9 Things to Test in an Email

Here are three things you can test that might increase the rate at which your emails are opened!

1. The "from" address should be descriptive and consistent. Test an institutional address such as "XYZ Charity" against the name of the letter signer. Email
2. Subject line: With all the personalization in spam today, I advise retesting using the recipient's name in the subject line against something that might be more 'official' sounding. Some personalization might still work; try "Legislative info for our supporters in Virginia" or something like that.
3. Drop day and time: I'm sure this matters, though I haven't found any results that are consistent. Sometimes emailing on a Friday evening works well, sometimes a Tuesday is better. Most email is delivered within a few hours, even if it isn't opened by the user until the next day.

The next six things can make the difference between an opened, abandoned email and one that produces a click back to your website:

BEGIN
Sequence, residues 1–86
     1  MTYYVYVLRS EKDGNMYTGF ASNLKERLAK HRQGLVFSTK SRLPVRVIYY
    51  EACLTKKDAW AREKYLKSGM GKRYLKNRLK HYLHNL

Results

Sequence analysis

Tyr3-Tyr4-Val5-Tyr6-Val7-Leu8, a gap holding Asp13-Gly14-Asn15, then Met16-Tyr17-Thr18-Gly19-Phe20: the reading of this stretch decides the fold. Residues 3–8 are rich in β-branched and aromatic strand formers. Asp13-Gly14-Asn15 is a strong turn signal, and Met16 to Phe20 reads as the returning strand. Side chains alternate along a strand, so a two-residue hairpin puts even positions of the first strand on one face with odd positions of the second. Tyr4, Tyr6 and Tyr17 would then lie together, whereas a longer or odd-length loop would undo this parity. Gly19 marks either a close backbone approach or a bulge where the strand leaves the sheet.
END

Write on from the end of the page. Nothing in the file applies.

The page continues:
4. The ask: There are 10 things you can ask for in an email. Money is just one of them. What you ask for, and for what purpose, is the essential element of the entire email. Everything should be centered around the ask. If possible, test personalizing the ask like you would in a direct mail letter.
5. Copy: Copy should be short enough to tease, or long enough to really involve. Test a short email that teases readers to the landing page against a long email that has all the reasons to give.
6. Offer: As in direct mail, we need to give our readers the answer to 'what's in it for me?' Downloadable premiums, instant online recognition, or a special donors-only e-newsletter are three electronic alternatives.
7. The list is perhaps MORE important in email than it is in direct mail. Drill down and test the most likely segments of a list, then broaden out your selection as results indicate.
8. Format: Text v. html is only one example of a format test. Heavy graphics v. "rich text" are two alternatives of an html email. Note: text might work best for an urgent appeal, while html might work better for a regular newsletter.
9. The last item to test is the only one that gives you the chance to turn a click into a donor: the landing page. Test various versions, with links to pop-up windows that contain more information if a particular reader wants it. Don't let them wander off to the far reaches of your site. And use session cookies to track their path from landing page through to, eventually, (hopefully) the 'thank you' page.